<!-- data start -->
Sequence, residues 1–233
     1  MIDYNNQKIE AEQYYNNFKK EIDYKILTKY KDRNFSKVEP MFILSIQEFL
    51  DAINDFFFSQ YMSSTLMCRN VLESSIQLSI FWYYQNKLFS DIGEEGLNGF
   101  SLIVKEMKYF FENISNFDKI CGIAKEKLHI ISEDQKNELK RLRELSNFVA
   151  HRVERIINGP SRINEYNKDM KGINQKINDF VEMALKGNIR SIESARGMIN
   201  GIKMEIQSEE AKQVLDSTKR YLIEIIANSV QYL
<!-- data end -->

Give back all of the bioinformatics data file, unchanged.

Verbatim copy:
Sequence, residues 1–233
     1  MIDYNNQKIE AEQYYNNFKK EIDYKILTKY KDRNFSKVEP MFILSIQEFL
    51  DAINDFFFSQ YMSSTLMCRN VLESSIQLSI FWYYQNKLFS DIGEEGLNGF
   101  SLIVKEMKYF FENISNFDKI CGIAKEKLHI ISEDQKNELK RLRELSNFVA
   151  HRVERIINGP SRINEYNKDM KGINQKINDF VEMALKGNIR SIESARGMIN
   201  GIKMEIQSEE AKQVLDSTKR YLIEIIANSV QYL